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The White House Faith and Opportunity Initiative Levels the Playing Field

The opinions expressed by columnists are their own and do not necessarily represent the views of

Americans have a long history of welcoming the compassionate and innovative work of religious individuals and organizations.

On this year’s observance of the National Day of Prayer, President Trump extended that history by announcing the creation of The White House Faith and Opportunity Initiative (“Initiative”). The initiative, rebranded from prior administrations, reaffirms our national commitment to welcoming the full participation of religious individuals and organizations to serve their local community, just like everyone else.


According to President Trump, “The faith initiative will help design new policies that recognize the vital role of faith in our families, our communities, and our great country.” Importantly, the President noted that the Initiative will bear the responsibility of ensuring “that faith-based organizations have equal access to government funding and the equal right to exercise their deeply held beliefs.”

Some may argue that the Initiative will unconstitutionally entangle the state with the church. It won’t. Religious organizations make an immense contribution to the country as a whole. When the White House welcomes the participation of religious organizations to the same efforts as their secular counterparts, there is little risk of church-state entanglement.

Others, with more nuance, will claim that the Initiative violates the spirit, if not the letter, of various state constitutional provisions known as “Blaine Amendments” or “no-aid” provisions. 

They would do well to recall the plurality’s words in the Supreme Court case from 2000 questioning the provision of aid in materials and equipment to both public schools and private religious schools. In Mitchell v. Helms, the justices observed that the dark history of Blaine Amendments “arose at a time of pervasive hostility to Catholics and constitutionalized an idea born of bigotry.” In other words, these “no-aid” provisions are more contrary to our history of encouraging the free exercise of religion than consistent with the purpose of the Establishment Clause.


The Initiative does much to undo misguided attempts to disqualify religious individuals and religious organizations from fully participating in their local community. The language of President Trump’s executive order makes that clear: “The executive branch wants faith-based and community organizations, to the fullest opportunity permitted by law, to compete on a level playing field for grants, contracts, programs, and other Federal funding opportunities.”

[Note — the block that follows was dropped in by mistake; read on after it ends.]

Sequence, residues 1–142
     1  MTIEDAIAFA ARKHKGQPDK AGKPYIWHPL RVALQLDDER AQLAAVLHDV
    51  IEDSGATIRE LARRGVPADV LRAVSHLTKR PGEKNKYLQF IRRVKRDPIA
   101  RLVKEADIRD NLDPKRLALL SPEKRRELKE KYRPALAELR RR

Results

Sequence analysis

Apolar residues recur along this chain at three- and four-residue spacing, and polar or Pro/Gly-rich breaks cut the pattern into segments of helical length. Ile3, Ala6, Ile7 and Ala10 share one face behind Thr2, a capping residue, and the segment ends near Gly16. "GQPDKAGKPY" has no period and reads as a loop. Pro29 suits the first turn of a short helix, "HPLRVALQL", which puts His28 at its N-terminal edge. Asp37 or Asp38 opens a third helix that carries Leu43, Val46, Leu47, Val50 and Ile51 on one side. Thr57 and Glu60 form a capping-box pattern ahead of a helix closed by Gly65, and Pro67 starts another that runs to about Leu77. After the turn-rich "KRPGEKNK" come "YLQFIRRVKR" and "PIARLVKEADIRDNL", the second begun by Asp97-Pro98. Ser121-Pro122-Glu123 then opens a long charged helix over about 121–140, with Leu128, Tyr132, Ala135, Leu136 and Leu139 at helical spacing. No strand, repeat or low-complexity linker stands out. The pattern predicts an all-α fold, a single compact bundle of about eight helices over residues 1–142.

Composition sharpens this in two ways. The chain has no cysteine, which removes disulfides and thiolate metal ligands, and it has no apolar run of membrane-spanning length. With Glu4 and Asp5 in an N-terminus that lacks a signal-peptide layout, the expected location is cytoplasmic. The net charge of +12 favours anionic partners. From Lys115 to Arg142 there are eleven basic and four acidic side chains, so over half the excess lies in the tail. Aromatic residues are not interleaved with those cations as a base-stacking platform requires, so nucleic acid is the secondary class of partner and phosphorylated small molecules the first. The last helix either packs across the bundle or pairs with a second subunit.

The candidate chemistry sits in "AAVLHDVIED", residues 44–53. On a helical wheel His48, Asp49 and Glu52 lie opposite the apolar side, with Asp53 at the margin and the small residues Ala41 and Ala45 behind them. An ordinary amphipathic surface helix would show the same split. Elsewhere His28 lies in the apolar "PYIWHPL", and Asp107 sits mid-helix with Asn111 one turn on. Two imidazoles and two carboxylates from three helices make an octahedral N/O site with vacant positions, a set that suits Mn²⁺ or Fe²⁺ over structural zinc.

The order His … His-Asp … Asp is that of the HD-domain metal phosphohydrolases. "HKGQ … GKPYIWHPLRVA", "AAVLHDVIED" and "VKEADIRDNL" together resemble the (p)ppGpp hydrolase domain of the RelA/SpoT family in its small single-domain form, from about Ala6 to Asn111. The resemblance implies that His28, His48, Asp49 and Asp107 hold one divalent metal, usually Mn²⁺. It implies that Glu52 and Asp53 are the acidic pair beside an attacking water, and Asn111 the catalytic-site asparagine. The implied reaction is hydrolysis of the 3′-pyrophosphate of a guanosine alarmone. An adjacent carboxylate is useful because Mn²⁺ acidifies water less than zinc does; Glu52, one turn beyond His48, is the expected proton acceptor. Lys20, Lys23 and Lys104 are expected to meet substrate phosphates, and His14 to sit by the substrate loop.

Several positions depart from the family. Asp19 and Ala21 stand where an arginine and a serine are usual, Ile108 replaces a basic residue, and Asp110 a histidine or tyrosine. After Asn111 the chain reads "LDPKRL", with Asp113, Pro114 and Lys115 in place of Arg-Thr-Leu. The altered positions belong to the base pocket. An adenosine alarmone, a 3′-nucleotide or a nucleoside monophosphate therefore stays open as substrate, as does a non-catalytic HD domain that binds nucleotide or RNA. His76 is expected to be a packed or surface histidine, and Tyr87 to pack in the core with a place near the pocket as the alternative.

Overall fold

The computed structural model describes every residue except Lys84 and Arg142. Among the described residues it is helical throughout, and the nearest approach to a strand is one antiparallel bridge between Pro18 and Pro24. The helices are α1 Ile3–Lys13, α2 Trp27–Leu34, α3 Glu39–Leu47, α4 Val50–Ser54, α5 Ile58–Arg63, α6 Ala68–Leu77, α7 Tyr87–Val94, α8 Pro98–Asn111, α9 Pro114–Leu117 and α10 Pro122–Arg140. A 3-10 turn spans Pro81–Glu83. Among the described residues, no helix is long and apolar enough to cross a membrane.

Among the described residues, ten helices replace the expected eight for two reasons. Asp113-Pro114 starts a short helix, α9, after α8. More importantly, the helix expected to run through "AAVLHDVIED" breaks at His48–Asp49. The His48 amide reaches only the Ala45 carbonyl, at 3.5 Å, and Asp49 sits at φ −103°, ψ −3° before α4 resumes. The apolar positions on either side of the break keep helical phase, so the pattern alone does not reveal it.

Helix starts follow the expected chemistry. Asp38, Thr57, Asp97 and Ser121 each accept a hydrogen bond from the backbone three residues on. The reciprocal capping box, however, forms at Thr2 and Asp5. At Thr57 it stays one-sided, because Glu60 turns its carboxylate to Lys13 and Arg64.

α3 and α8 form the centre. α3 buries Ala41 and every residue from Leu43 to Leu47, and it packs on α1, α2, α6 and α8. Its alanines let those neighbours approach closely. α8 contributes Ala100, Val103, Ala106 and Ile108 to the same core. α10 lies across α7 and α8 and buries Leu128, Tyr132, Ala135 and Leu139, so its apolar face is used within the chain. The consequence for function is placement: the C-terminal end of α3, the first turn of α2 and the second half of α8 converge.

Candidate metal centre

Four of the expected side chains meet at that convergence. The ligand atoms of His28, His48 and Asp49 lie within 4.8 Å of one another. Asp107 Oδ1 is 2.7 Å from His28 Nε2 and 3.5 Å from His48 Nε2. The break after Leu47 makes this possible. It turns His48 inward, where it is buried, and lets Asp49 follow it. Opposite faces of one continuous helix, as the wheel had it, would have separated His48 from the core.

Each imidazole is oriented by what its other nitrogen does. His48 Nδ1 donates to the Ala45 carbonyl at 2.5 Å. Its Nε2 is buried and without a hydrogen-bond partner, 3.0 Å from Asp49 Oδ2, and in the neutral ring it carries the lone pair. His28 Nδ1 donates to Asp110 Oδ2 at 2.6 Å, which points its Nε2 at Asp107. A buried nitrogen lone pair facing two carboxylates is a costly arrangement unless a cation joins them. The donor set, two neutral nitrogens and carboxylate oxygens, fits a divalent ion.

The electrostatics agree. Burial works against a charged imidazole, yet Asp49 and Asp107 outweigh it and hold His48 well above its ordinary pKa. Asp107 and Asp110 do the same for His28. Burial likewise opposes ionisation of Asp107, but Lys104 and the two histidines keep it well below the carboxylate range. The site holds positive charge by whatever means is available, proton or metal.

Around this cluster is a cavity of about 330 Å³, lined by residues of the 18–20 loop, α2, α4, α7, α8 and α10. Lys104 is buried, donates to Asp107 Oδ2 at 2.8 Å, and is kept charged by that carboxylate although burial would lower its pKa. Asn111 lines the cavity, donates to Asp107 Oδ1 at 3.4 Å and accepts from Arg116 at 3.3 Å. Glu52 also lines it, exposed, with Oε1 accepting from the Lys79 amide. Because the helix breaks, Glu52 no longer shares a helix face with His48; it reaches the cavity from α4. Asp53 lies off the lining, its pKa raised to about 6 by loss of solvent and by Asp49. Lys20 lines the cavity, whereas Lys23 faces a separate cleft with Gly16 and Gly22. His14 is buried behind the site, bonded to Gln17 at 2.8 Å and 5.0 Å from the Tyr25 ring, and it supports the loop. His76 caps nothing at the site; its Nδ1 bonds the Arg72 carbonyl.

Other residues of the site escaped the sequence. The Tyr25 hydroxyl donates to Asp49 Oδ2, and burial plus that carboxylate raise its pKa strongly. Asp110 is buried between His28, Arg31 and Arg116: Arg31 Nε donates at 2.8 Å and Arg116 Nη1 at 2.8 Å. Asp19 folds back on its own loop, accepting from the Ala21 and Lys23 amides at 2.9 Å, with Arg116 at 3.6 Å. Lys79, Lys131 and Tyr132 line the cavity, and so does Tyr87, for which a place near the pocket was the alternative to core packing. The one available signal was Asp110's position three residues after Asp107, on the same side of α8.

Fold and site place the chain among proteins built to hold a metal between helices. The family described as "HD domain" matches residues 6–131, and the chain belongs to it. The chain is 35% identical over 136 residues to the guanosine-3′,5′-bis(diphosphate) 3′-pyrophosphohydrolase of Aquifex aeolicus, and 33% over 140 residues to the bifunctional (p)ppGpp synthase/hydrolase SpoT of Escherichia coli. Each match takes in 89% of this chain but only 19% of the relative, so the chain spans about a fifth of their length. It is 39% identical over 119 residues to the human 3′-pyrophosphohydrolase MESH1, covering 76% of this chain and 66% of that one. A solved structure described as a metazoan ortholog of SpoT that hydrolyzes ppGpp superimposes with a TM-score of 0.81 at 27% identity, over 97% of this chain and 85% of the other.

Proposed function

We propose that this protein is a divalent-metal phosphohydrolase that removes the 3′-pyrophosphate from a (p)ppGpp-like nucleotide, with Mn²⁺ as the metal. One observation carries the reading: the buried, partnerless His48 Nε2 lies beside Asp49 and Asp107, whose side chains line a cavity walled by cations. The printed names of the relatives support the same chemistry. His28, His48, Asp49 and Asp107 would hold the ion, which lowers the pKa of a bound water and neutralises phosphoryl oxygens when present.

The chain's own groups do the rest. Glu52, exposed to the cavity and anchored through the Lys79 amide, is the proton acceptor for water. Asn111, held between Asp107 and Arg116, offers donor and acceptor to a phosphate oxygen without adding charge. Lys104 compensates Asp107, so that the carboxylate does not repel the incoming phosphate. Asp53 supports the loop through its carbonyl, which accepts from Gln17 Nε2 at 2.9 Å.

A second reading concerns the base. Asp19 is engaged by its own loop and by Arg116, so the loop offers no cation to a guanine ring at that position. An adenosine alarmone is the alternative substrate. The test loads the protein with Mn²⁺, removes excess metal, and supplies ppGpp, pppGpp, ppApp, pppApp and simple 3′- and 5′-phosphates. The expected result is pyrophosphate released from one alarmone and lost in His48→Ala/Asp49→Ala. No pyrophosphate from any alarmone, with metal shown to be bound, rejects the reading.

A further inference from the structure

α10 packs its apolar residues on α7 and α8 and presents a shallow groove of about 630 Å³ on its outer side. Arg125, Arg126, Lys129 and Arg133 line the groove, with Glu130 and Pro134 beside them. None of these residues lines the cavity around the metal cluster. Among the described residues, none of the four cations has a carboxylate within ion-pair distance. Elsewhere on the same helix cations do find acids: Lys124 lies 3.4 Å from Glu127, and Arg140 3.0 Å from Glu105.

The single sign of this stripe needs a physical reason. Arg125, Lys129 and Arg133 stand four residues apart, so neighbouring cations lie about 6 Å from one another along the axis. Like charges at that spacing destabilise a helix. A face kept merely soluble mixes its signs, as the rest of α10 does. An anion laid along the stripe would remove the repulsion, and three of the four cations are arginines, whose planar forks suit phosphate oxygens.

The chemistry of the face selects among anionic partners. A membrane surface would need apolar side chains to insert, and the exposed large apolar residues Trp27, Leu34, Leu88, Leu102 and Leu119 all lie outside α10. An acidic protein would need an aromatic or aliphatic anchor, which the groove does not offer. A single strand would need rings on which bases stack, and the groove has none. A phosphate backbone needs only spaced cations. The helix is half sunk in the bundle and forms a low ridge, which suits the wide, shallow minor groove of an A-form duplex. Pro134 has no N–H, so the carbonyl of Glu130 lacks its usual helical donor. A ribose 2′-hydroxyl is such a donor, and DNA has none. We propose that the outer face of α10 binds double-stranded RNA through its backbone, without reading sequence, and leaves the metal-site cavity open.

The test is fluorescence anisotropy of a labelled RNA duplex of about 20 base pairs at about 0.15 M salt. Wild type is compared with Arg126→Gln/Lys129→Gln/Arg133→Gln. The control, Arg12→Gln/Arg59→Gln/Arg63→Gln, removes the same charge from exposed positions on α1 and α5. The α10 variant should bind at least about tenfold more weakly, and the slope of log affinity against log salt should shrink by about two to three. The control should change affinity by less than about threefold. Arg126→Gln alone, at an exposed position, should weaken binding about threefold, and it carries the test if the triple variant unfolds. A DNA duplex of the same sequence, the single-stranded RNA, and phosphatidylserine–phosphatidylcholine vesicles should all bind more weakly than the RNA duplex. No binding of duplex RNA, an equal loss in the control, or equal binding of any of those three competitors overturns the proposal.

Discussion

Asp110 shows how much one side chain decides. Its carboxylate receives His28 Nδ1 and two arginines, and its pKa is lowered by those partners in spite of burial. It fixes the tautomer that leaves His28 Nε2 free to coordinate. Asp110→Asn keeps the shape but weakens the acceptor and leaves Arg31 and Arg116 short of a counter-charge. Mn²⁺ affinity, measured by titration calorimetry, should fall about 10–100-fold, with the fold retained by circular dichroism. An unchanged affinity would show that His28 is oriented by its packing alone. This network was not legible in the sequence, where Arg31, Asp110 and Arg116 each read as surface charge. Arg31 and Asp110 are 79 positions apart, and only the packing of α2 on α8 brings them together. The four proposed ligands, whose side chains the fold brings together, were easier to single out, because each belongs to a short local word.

To set a goal of a future “level playing field” suggests the field is presently imbalanced. This should not be. Across this country, Americans work to feed the hungry, end human trafficking, provide homes to the homeless, give advantage to disadvantaged youth, stem the opioid crisis, and much more. 

Should organizations committed to any one of these be disqualified from “grants, contracts, programs, and other Federal funding opportunities” merely because their actions are motivated by religion? Certainly not!

But recent history suggests, unfortunately, that is precisely what happens. Last summer, after two hurricanes ravaged multiple states and territories of the United States, religious organizations—among the first of first responders to those impacted by the devastation—were told they would not be permitted to receive federal disaster relief funding. 

In other words, just because the organizations were religious, they were excluded from critical funds that would help them continue to be the first responders to their community. 


President Trump solved that problem earlier this year, but the recently announced Initiative will play a key role to maintain our national commitment that every individual, every organization is initially qualified to work with—and in some cases alleviate the burden of—the federal government to improve our local communities.

President Trump is right to recognize the important contributions that religious organizations make to their communities and our nation—and to use the power of his office to ensure that they continue to do so.

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